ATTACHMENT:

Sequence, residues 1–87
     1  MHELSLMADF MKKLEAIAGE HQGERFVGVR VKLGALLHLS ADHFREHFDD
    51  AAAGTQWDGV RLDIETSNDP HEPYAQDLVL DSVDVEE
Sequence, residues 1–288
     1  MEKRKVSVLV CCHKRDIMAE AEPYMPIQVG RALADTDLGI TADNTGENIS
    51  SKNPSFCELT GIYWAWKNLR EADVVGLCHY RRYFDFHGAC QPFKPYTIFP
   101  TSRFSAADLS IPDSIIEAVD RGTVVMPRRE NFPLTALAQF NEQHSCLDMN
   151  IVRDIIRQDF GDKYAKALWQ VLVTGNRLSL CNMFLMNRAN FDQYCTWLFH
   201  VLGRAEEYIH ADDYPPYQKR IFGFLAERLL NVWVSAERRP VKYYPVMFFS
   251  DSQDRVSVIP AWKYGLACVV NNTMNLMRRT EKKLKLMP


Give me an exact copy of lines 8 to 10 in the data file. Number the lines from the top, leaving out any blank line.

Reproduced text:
   151  IVRDIIRQDF GDKYAKALWQ VLVTGNRLSL CNMFLMNRAN FDQYCTWLFH
   201  VLGRAEEYIH ADDYPPYQKR IFGFLAERLL NVWVSAERRP VKYYPVMFFS
   251  DSQDRVSVIP AWKYGLACVV NNTMNLMRRT EKKLKLMP